Anita S, Amir KM, Fadzilah K, Ahamad J, Noorhaida U, Marina K, Paid MY, Hanif Z.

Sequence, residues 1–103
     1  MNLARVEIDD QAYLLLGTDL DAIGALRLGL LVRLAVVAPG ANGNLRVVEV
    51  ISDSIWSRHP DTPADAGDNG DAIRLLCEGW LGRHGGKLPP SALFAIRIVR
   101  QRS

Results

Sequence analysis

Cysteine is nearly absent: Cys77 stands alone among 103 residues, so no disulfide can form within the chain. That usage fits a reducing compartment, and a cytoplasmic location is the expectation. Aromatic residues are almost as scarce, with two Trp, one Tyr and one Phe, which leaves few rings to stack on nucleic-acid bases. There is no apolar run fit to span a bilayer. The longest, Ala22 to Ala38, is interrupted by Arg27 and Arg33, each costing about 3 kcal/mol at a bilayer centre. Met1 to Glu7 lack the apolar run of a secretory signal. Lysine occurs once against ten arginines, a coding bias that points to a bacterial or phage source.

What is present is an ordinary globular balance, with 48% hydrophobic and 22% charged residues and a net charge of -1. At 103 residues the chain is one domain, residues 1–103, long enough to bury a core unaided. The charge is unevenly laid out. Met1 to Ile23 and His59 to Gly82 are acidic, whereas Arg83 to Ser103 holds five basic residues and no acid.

Typhoid fever continues to pose public health problems in Selangor where cases are found sporadically with occasional outbreaks reported. In February 2009, Hospital Tengku Ampuan Rahimah (HTAR) reported a cluster of typhoid fever among four children in the pediatric ward. We investigated the source of the outbreak, risk factors for the infection to propose control measures. We conducted a case-control study to identify the risk factors for the outbreak. A case was defined as a person with S. typhi isolated from blood, urine or stool and had visited Sungai Congkak recreational park on 27th January 2010. Controls were healthy household members of cases who have similar exposure but no isolation of S. typhi in blood, urine or stool. Cases were identified from routine surveillance system, medical record searching from the nearest clinic and contact tracing other than family members including food handlers and construction workers in the recreational park. Immediate control measures were initiated and followed up. Twelve (12) cases were identified from routine surveillance with 75 household controls. The Case-control study showed cases were 17 times more likely to be 12 years or younger (95% CI: 2.10, 137.86) and 13 times more likely to have ingested river water accidentally during swimming (95% CI: 3.07, 58.71). River water was found contaminated with sewage disposal from two public toilets which effluent grew salmonella spp. The typhoid outbreak in Sungai Congkak recreational park resulted from contaminated river water due to poor sanitation. Children who accidentally ingested river water were highly susceptible. Immediate closure and upgrading of public toilet has stopped the outbreak.
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